“Pacific Life Re decided to go the PPO route due to the Project Portfolio Office team, their superior knowledge and understanding of the problems a PMO faces, and the support that they could provide to the project team throughout their journey,” he adds. “Pacific Life Re’s PMO also needed a toolset that, at its heart, was simple for project teams to use on a day-to-day basis, with a clear, easy interface that provides one place to manage all elements of their projects. PPO was an excellent fit here.”
Greater project management consistency and clarity
Previously, the organisation had focused exclusively on around 20 core division-wide projects. The PMO now oversees every project type within every business unit, which numbers between 60 to 70 projects. “There is a far greater consistency of approach, and the standard of our management information (MI) and oversight is much higher. Furthermore, we’ve got far better coverage of data and it is presented in a timelier fashion.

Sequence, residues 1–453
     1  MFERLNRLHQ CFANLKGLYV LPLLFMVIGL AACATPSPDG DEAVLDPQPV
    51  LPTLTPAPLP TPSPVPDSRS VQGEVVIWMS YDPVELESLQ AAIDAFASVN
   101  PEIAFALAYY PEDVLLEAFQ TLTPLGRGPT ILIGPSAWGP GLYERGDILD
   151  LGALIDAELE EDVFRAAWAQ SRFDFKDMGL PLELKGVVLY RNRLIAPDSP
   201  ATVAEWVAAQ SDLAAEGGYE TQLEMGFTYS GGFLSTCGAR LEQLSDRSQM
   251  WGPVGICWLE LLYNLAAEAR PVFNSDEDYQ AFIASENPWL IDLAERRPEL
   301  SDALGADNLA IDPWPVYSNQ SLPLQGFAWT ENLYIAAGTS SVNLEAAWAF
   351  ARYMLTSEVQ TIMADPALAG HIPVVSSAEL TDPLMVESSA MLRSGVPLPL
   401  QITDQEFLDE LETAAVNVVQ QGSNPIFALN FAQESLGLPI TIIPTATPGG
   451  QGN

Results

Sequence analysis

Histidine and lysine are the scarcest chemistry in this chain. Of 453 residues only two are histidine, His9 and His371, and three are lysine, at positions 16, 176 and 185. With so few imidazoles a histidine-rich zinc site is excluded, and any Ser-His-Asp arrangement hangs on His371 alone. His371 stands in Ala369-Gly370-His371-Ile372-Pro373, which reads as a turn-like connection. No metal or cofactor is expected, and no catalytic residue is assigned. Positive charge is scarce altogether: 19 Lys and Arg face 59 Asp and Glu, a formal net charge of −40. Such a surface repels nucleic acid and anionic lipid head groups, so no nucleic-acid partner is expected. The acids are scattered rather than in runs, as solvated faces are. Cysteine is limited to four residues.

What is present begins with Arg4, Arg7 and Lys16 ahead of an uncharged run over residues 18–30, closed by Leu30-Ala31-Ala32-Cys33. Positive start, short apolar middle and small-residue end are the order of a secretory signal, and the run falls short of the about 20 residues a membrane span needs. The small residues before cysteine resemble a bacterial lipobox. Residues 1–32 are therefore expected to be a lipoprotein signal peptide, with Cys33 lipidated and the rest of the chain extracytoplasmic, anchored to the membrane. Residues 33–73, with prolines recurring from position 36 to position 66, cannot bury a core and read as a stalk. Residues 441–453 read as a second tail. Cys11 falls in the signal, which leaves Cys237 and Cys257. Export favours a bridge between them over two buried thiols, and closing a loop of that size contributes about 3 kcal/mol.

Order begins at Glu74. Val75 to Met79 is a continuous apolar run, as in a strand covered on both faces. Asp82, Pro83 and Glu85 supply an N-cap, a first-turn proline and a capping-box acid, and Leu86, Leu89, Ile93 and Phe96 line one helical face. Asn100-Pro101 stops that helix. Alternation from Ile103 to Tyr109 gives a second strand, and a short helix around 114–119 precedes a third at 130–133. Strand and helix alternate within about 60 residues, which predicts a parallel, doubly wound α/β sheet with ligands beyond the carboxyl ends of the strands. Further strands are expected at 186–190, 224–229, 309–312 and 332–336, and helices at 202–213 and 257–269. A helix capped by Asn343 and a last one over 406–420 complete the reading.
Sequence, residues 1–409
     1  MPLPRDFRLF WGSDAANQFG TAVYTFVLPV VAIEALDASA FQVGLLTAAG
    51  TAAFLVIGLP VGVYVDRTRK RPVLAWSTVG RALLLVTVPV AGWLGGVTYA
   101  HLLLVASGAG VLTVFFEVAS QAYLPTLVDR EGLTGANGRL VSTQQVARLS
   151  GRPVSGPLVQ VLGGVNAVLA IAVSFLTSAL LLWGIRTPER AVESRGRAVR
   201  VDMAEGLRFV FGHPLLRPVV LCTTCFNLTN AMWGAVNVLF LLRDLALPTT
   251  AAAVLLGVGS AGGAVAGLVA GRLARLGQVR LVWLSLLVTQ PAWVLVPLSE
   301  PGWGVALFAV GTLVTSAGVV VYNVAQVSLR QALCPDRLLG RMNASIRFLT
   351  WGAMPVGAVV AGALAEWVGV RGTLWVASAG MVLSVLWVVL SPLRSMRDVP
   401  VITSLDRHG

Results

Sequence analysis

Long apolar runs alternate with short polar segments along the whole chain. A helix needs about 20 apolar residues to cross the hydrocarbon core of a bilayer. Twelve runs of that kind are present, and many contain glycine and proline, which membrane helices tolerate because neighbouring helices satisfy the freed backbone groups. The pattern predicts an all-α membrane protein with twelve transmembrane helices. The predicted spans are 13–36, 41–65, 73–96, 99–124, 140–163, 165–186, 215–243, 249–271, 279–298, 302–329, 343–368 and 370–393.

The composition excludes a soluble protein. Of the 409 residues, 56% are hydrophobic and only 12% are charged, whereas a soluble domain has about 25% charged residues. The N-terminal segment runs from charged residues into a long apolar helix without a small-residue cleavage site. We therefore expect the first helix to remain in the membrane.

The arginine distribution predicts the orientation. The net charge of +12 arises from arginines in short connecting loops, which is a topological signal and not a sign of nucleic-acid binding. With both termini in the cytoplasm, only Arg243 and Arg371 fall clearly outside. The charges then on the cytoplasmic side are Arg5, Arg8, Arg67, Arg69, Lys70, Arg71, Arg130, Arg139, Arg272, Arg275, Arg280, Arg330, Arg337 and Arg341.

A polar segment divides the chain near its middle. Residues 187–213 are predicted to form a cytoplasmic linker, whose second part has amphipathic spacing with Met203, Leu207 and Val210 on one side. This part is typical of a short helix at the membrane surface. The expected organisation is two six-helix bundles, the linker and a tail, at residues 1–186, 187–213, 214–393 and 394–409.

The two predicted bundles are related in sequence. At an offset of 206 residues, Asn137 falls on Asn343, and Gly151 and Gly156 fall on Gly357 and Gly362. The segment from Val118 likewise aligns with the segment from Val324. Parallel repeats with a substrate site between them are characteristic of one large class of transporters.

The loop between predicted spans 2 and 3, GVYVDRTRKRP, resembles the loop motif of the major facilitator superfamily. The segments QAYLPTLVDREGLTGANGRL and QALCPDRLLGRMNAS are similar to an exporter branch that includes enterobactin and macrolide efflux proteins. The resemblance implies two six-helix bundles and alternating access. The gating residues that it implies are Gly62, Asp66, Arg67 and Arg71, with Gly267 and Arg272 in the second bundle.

“Prior to the PPO rollout, we had one-off data updates at different times of the month, which was causing massive latency in the reporting. What we now have is real time reporting and a much clearer environment,” Humphrey continues. “We’ve created lots of capabilities beyond project reporting, with a massive win being that we now have a far more consistent overview of everything related to a project. We can now see length and breadth of our portfolio all in one place, as can our leaders and decision makers.”
Improved resource demand planning
PPO has been instrumental in assisting Pacific Life Re to improve planning around project resource demand. Says Humphrey: “When it comes to managing capacity, resource constraint was one of the biggest issues across projects. It seemed that many projects were hitting the same small teams in different parts of our business at the same time.